Time of Rivers returns

Round two of the (mostly) solo guitar, (mostly) unplugged destination festival
By CHRISTOPHER GRAY  |  October 9, 2008

timeofrivers_ciannugent_ins.jpg
REEL-TO-REEL INSTRUMENTALISM: Cian Nugent.

Time of Rivers Festival | October 10-12 | Sessions begin at 6 pm Friday, and noon & 7 pm Saturday and Sunday | SPACE Gallery, 538 Congress St, Portland | afternoon shows $5, evening shows $15 in advance and $18 at the door; festival passes $35 in advance, $45 at the door
Consider for a minute how unlikely this is. A two-day fringe festival of mostly solo, instrumental guitar performers — ranging from classically informed disciples of John Fahey to more psychedelic free folk, à la the Sun City Girls — is held in a small Northeastern city. Musicians come from around the globe to play. Spectators drive from out of state to see it, in some sessions pushing respectably sized local venues to capacity. Generally stingy locals, young and old, cough up over $30 to attend. A year later, the same festival expands into a three-day event in a 300-capacity venue, and lands media sponsorship from The Wire magazine, Europe’s bible of electronic and outsider music. 

The surprising success of the Time of Rivers Festival — held this year from October 10 to 12 at SPACE Gallery and organized by local guitarist Edward Gibbs and Nemo Bidstrup of the Portland-based label Time-Lag Records — can be credited both to shrewd marketing and Portland’s increasingly robust presence in a niche music scene. In advance, the event was covered by the independent radio stations that most avidly promote such music, most notably New Jersey’s venerable WFMU; and Time-Lag’s notoriety on outsider music Web sites and blogs ensure further notice. (Many of these acts have little or no Internet presence outside of the few sites that devoutly follow them.)

The Time of Rivers sessions I attended last year were immersive and unexpectedly diverse. Visiting acts ranged from the improvised instrumental folk and ragtime of JACK ROSE to the steel guitar and hypnotic raga of the Pakistan-born, Oregon-based ILYAS AHMED, both of whom return to the Festival this weekend. Experimental sounds more familiar to contemporary indie-rock listeners, like the sing-along psych rock of Vermont’s MV & EE and Portland’s CURSILLISTAS, spring up here and there. In their youthful but soulful energy, these ambitious young acts bridge the gap between classical masters and the Devendra Banharts and Animal Collectives that dot today’s indie-experimental folk landscape. The cumulative effect of any given session is dizzying, trying to absorb 80 or 300 years of cerebral guitar sounds. It’s both informative and undeniably trippy.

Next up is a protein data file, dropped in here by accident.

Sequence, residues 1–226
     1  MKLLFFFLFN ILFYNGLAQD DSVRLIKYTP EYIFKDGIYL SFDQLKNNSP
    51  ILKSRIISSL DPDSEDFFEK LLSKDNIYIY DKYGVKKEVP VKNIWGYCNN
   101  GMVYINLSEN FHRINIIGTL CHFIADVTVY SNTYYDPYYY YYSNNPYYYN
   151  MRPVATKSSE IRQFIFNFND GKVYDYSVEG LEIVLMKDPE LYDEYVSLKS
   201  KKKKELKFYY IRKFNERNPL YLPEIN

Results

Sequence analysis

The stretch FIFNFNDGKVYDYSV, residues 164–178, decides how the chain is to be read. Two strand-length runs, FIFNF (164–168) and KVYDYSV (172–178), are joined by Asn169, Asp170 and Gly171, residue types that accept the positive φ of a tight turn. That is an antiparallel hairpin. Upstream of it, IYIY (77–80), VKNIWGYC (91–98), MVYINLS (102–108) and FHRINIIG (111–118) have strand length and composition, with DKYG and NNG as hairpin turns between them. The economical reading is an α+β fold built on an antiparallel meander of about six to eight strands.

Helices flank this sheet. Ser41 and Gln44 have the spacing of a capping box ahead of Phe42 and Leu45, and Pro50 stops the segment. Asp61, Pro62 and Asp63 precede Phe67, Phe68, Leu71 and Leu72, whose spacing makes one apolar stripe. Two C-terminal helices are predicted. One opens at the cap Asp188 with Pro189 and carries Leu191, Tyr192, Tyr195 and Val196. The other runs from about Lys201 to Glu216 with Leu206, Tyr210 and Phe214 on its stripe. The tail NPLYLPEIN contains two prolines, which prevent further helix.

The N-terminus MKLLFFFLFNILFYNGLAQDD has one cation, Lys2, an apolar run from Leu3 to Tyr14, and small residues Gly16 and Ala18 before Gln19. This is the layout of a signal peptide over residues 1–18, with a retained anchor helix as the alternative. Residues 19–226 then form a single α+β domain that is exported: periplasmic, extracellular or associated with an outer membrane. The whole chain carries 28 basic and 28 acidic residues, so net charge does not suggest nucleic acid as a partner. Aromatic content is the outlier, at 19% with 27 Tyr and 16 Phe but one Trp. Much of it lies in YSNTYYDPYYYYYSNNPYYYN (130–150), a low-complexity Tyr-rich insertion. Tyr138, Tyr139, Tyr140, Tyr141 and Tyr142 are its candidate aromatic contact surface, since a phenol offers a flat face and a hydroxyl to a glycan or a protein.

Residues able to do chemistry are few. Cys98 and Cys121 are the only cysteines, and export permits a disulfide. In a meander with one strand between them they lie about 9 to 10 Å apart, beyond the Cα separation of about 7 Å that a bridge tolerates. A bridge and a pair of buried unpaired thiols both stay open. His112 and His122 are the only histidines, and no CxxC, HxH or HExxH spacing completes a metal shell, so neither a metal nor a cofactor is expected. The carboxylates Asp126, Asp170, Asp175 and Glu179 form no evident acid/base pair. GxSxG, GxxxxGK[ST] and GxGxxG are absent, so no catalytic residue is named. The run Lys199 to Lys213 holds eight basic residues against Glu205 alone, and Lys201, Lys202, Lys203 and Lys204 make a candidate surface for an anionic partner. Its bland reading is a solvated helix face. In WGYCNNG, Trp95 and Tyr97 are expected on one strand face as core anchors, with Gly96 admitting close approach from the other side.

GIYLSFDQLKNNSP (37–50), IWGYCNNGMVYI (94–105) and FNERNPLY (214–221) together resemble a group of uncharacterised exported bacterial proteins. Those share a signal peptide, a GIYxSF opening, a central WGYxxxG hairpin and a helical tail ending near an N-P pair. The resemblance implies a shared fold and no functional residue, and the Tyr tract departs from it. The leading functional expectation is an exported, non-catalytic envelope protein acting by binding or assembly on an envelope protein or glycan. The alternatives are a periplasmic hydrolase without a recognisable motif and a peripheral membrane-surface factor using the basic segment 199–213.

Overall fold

Fortunately, each night ends with a cathartic bang. The days again conclude with crowd-pleasing (thanks in no small part to a sudden injection of sheer vocal might) sets by local standouts in the field. Saturday night wraps with the chilling and magisterial 12-string guitar of MICAH BLUE SMALDONE, and Friday’s session caps off with an eagerly anticipated performance by his five-member acoustic folk group FIRE ON FIRE, who haven’t played out since June. Sunday night’s intended Festival headliners Earth abruptly cancelled their national tour last week, but the day offers a large used-record fair from 11 am to 5 pm and an evening set from the entrancing Lewiston duo ARBOREA.

A few more visiting musicians to take note of (set times are approximate):

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